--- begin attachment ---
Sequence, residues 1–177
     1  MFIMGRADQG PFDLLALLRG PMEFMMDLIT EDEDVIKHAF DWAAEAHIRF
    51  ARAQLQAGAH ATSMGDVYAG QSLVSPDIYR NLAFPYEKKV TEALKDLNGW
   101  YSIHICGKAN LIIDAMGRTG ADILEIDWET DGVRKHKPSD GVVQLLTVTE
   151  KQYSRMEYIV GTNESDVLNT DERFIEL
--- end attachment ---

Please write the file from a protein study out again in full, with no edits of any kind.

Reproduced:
Sequence, residues 1–177
     1  MFIMGRADQG PFDLLALLRG PMEFMMDLIT EDEDVIKHAF DWAAEAHIRF
    51  ARAQLQAGAH ATSMGDVYAG QSLVSPDIYR NLAFPYEKKV TEALKDLNGW
   101  YSIHICGKAN LIIDAMGRTG ADILEIDWET DGVRKHKPSD GVVQLLTVTE
   151  KQYSRMEYIV GTNESDVLNT DERFIEL